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Under Pressure From Angry Residents, Council Eyes Other Cities' Liquor Sales Laws

Market Street bar where there have been two murders in past 20 months


PATERSON, NJ – Confronted by complaints from crime-weary residents, the City Council Tuesday night said it would review other cities’ laws regulating the operating hours of liquor stores and bars.

People from four of the cities’ six wards spoke during the public portion of the council meeting to urge municipal officials to stem the violence that plagues Paterson. Many of them suggested the council adopt an ordinance that would set earlier closing hours for bars and liquor stores, which residents say have become magnets for late-night trouble.

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“How many of our children need to die in the City of Paterson before we do something?’’ asked 1st Ward resident Michele Tobias. She said she goes to a neighborhood liquor store to buy lottery tickets, but only does so early in the day.  “I can’t go in the evening because I’m too afraid to walk our streets.’’

“Drug and alcohol abuse plague this city,’’ asserted another resident, Jamie Bland. “We have nothing but reckless behavior. By the time 12 o’clock comes, they’re transformed.’’

Tuesday was the first city council meeting since a 30-year-old man was shot in the head and killed at Arcoiris Sport Bar on Market Street, the second homicide at that business in less than two years. Several of the residents cited that incident and said they couldn’t understand why the city allows the bar to remain open for business. (The city’s Alcoholic Beverage Control Board has a hearing scheduled on Arcoiris on September 12.)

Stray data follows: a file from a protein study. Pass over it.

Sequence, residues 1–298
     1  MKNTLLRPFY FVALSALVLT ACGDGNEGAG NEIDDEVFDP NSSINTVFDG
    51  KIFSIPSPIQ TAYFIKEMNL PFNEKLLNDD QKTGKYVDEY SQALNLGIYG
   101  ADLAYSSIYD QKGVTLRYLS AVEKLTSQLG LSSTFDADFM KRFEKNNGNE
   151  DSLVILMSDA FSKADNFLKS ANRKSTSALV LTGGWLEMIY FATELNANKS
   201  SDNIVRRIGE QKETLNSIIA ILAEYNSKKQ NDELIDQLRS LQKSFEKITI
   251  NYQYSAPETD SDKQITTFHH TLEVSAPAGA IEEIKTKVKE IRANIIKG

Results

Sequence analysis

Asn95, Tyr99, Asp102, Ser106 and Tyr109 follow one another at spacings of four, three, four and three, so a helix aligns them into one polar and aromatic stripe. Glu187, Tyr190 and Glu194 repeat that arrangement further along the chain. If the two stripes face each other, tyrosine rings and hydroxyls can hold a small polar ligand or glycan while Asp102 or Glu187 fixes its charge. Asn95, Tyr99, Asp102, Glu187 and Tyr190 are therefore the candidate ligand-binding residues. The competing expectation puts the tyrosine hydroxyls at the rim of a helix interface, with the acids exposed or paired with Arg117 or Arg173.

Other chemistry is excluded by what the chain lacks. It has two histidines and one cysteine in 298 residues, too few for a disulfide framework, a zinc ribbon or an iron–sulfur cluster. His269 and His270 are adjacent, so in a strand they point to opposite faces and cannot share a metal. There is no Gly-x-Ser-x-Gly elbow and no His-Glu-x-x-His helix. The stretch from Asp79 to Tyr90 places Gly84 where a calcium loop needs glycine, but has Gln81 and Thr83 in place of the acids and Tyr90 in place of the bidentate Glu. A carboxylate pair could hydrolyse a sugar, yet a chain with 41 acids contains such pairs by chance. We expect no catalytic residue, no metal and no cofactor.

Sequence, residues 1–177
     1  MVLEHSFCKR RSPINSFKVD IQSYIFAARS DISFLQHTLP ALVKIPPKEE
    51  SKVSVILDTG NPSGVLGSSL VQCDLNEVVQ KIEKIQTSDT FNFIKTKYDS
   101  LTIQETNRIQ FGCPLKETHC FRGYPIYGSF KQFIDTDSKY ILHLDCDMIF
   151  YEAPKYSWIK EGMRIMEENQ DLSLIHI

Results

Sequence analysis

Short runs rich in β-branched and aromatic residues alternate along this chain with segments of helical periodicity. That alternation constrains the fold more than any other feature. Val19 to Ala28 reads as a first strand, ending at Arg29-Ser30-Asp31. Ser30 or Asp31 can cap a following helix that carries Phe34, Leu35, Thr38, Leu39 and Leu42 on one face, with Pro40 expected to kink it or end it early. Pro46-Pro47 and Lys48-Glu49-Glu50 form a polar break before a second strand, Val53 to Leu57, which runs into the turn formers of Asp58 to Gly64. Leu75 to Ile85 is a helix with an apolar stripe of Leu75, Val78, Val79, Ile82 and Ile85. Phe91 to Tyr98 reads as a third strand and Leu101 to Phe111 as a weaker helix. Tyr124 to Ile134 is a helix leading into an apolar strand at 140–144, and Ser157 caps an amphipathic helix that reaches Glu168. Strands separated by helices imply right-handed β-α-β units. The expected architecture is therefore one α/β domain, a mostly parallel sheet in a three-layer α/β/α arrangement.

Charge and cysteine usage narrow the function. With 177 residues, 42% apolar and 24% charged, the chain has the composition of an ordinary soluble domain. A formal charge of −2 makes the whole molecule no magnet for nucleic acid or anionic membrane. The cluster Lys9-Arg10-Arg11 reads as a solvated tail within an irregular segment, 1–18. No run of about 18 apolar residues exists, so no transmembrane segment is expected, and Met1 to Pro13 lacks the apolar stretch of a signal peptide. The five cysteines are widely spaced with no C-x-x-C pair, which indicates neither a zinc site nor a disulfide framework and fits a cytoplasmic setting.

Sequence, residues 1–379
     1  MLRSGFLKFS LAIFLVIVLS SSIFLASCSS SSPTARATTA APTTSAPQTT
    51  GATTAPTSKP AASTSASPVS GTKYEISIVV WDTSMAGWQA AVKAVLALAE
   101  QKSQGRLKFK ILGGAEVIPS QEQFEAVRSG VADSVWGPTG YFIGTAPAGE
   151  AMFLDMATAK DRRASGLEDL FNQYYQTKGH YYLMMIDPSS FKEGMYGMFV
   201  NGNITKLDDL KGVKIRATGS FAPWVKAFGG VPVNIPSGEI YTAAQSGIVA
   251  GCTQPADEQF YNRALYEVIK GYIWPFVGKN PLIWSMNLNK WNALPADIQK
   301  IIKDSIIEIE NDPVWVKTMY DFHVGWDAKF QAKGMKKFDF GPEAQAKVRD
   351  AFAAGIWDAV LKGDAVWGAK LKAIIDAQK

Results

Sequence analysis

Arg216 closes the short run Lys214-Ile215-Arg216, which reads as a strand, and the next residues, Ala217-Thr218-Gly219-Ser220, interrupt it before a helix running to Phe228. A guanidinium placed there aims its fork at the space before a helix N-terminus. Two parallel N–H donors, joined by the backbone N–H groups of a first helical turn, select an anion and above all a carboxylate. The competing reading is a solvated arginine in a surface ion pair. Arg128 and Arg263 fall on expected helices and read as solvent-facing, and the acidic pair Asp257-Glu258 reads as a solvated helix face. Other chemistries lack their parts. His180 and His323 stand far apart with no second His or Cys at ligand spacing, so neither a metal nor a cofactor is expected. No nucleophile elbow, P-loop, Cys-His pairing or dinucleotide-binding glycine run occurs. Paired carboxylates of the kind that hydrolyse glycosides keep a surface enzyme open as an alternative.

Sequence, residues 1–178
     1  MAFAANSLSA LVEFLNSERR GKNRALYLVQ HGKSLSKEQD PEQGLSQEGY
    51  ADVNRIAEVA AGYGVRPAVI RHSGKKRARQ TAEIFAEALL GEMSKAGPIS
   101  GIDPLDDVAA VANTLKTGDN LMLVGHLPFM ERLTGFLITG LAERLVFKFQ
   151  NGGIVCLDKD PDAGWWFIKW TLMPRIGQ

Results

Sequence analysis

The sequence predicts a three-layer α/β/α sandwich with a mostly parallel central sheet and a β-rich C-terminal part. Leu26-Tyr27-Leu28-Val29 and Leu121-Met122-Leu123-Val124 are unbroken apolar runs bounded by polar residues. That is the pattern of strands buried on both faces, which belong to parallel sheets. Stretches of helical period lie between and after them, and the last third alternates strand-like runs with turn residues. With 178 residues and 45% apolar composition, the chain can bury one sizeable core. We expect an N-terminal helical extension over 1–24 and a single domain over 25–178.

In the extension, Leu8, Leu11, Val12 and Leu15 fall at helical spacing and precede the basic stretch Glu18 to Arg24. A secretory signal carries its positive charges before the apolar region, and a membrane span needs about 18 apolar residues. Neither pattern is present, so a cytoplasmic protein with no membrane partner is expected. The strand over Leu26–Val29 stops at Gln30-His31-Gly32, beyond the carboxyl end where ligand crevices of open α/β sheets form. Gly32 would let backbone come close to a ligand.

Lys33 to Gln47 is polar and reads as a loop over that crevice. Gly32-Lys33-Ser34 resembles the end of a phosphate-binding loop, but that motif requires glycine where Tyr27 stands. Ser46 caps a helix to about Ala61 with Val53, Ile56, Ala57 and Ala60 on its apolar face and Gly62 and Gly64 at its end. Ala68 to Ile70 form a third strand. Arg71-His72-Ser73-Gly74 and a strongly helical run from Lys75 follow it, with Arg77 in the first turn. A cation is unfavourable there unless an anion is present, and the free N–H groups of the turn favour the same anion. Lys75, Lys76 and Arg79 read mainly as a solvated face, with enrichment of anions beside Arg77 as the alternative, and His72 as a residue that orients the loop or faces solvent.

City officials repeatedly have said they have limited authority over the operating hours for Paterson’s liquor stores and bars. That power rests with the state Alcohol Beverage Control board, according to Councilman Kenneth Morris.

“By God, I wish we had the power people think we have,’’ said Council President Anthony Davis. “If I were a genie, I would change the whole climate of individuals in this city.’’

Officials said Paterson would have more control over alcohol businesses if the city had an official population of more than 150,000. That would make it a “first-class” city under state law, a designation that provides addition municipal authority, officials said. Paterson’s attempt to regulate operating hours for alcohol businesses lost in a court challenge several years ago, officials said.

But two city activists, Quincy Battis of the 4th Ward and Teddy Martinez of the 1st Ward, challenged that assertion, insisting the information provided by council members was not accurate. They pointed out that many municipalities shut down their liquor stores by 10 pm, hours earlier than does Paterson. They also said that cities smaller than Paterson, including Passaic and East Orange, have ordinances setting their own operating hours for bars and liquor stores.

In response to those assertions, the council asked its legal staff to research the ordinances in Passaic and East Orange to see whether Paterson could follow the example of those cities.


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